In Fig.(1) we show the typical Drude dispersion, assuming $\epsilon \left(\tilde{\omega}\right)=\mu \left(\tilde{\omega}\right)=n\left(\tilde{\omega}\right)=1-\frac{({\omega}_{p}^{2}\u2044{\omega}_{r}^{2})}{{\tilde{\omega}}^{2}+i\tilde{\gamma}\tilde{\omega}}$, and taking ${\omega}_{p}^{\mathit{2}}$${\mathit{/}\omega}_{r}^{\mathit{2}}$
=1 (the plasma frequency corresponds to the reference frequency); the damping coefficient (also scaled by the reference frequency) is *$\tilde{\gamma}$*=10^{-3}. This choice results in an attenuation length of approximately 50µm, so that the intensity of the peak of the pulse drops to 1/e of its input value within that distance, and it is down to approximately 1% at 200 microns from the surface. One may compare this to the degree of absorption (i.e. imaginary part of the index) exhibited by GaAs at λ~890nm.

In the same figure we also report the general trend of the conversion efficiency as a function of normalized frequency (we do not scale it for simplicity), and we also identify pump and SH tuning ranges. To obtain the conversion efficiency curve shown we used incident pulses approximately 600fs in duration, or 200 wave cycles, and peak field values of ~10^{4} Volts/m. We then calculated the total SH energy emitted in both directions, defined as * W_{T}*(

*τ*=∫

^{∞}-

_{∞}

*U*(

*ξ*,

*τ*)

*d*

*ξ*, where the integrand represents the local, instantaneous, energy density, normalized by the initial pump energy. We estimate that the second order dispersion length, defined as ${L}_{D}^{2}\sim \frac{{\tau}_{p}^{2}}{\mid k"\mid}$, where

*τ*

_{p}is pulse duration, and $k"=\frac{{\partial}^{2}k}{\partial {\tilde{\omega}}^{2}}$, ranges between 800

*λ*

_{r}for 20 wave cycle pulses, to about 6×10

^{4}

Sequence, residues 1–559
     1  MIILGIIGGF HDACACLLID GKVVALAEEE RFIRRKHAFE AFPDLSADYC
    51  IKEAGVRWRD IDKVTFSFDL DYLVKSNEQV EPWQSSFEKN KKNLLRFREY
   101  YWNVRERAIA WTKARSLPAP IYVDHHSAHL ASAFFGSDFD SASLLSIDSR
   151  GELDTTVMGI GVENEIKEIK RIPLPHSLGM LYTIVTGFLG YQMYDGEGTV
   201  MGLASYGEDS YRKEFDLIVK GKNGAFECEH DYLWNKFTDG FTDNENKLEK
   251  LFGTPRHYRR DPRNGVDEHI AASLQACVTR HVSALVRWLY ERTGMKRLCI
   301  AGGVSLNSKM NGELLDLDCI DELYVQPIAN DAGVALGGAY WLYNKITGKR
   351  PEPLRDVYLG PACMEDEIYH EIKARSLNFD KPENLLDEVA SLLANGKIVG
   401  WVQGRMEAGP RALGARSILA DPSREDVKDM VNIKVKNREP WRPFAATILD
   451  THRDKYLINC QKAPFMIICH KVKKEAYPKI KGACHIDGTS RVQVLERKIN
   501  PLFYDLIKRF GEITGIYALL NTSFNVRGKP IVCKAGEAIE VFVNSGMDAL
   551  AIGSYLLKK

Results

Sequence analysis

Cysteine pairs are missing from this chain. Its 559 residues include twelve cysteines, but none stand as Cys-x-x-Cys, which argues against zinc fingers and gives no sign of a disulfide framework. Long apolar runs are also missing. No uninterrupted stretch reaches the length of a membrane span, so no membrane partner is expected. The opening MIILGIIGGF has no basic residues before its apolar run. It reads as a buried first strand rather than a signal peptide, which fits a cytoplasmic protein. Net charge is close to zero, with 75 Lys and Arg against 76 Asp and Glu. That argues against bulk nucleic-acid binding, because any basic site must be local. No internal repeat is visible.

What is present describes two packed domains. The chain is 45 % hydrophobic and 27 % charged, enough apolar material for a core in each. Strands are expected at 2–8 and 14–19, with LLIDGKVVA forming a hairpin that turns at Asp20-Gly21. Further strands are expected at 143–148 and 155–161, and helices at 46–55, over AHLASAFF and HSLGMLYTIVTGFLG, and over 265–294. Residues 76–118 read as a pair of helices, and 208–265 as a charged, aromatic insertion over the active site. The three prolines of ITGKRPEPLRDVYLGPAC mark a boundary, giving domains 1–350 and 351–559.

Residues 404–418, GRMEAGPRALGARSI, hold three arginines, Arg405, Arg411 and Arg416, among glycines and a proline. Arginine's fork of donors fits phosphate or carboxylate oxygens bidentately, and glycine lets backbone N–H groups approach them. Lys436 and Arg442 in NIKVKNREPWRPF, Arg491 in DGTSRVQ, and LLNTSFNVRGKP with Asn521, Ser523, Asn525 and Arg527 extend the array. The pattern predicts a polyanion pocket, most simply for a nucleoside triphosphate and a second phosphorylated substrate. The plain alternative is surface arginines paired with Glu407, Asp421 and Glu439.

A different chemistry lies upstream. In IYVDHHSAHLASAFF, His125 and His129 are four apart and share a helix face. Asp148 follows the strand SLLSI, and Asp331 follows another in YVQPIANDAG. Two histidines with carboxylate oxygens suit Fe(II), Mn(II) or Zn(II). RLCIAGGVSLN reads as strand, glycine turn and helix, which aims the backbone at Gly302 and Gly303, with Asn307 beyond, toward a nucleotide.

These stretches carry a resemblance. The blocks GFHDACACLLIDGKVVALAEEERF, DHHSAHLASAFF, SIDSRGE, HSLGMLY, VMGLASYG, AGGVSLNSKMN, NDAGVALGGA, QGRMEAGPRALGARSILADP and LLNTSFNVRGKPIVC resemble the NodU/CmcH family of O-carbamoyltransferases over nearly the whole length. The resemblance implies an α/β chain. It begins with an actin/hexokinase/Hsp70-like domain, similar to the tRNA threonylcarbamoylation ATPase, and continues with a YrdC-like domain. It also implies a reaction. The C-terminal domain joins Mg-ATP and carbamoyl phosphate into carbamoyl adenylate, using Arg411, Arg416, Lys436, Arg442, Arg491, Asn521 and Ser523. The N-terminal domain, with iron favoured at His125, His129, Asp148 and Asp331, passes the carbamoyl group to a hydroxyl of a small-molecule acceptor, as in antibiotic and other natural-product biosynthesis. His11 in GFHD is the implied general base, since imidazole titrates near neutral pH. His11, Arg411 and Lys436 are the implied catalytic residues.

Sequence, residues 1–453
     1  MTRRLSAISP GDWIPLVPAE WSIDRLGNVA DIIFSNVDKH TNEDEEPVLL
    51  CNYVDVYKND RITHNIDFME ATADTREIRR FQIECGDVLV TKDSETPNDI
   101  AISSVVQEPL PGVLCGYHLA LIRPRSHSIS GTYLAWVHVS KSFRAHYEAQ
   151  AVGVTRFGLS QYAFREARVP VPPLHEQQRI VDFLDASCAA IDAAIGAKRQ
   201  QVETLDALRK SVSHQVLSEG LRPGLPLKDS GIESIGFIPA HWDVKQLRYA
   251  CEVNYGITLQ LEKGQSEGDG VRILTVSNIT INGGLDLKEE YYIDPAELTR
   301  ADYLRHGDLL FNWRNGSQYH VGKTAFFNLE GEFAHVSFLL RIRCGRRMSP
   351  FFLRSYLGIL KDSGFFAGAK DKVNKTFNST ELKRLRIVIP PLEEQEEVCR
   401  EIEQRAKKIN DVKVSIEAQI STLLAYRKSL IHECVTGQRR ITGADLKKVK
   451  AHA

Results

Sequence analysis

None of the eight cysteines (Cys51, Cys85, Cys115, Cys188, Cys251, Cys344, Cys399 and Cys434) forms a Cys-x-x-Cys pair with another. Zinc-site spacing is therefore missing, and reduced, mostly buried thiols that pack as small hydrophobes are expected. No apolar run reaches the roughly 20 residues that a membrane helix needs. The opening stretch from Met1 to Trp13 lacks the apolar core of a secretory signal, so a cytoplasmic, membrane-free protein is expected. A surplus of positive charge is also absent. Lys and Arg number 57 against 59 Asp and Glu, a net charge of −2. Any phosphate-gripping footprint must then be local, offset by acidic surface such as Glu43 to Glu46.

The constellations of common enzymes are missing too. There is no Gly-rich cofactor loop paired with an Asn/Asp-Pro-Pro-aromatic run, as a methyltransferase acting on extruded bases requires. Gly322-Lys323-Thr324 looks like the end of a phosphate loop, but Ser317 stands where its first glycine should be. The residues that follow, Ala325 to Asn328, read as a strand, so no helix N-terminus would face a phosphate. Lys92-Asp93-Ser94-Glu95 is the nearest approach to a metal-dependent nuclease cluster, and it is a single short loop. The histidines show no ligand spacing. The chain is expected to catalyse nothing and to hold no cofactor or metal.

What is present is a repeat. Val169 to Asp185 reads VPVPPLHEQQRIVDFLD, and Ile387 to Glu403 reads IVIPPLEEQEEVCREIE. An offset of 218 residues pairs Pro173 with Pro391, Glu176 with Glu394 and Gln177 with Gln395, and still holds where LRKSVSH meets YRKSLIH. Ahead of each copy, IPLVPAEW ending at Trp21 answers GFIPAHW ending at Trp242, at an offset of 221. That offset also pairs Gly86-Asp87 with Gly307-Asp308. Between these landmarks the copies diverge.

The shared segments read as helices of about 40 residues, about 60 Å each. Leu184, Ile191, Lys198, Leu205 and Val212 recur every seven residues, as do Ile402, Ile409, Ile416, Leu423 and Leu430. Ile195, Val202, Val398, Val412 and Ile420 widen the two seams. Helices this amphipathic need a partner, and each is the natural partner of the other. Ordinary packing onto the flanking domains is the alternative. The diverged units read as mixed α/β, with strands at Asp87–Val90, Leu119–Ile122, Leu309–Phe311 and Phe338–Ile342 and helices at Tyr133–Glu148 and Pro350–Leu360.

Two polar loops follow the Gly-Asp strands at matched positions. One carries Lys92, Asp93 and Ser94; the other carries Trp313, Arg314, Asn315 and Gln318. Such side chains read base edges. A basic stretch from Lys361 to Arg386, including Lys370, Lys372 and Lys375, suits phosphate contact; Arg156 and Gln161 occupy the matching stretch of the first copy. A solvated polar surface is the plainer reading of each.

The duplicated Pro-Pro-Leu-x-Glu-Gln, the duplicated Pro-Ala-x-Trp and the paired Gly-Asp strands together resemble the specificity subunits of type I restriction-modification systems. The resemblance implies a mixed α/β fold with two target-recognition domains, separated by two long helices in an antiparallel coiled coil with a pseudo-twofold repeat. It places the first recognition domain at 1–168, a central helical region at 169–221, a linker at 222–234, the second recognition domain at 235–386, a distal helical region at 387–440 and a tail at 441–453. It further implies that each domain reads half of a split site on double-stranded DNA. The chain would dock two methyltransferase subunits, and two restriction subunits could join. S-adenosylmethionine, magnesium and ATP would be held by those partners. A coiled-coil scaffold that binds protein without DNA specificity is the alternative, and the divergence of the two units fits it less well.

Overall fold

*λ*

_{r}for 200 wave cycle pulses. Therefore, we are well justified in taking the necessary steps to distill Eqs.(5) from Eqs.(4).

Figure 1 features the larger point we wish to make: at *ω̃*≈0.7905, which corresponds to the highest SH efficiency at twice that frequency, the index of refraction calculated from the Drude dispersion is *n _{$\tilde{\omega}$}*=-0.600278+

*i*0.002024. At the second harmonic frequency, 2

*ω̃*≈1.581, the index of refraction is positive,

*n*

_{2ω̃}=0.599929+

*i*0.000253. The phase matching condition between fundamental and

SH pulses, which requires(*k*
_{2ω}-2*k*
_{ω})=0, is nearly exactly satisfied for the backward generated SH pulse [8,9]. Neglecting the imaginary part, we have: (*k*
_{2ω}-2*k*
_{ω})=2*π*(-2*ω̃*|*n*
_{2ω|}+2*ω̃*|*n*_{ω}
|)~2×10^{-3}

In Fig. 2 we show the typical scenario that unfolds as a 200 wave-cycle, 500MW/cm^{2} incident pulse (corresponding to a field ~3x10^{7}V/m) crosses into a nonlinear NIM from vacuum. The pump is quickly attenuated, as a SH pulse is generated in the backward direction and rapidly exits the medium. The Drude dispersion reveals that the SH absorption length is approximately ten times larger compared to the pump absorption length, as can easily be deduced from the relative magnitudes of the imaginary part of the index.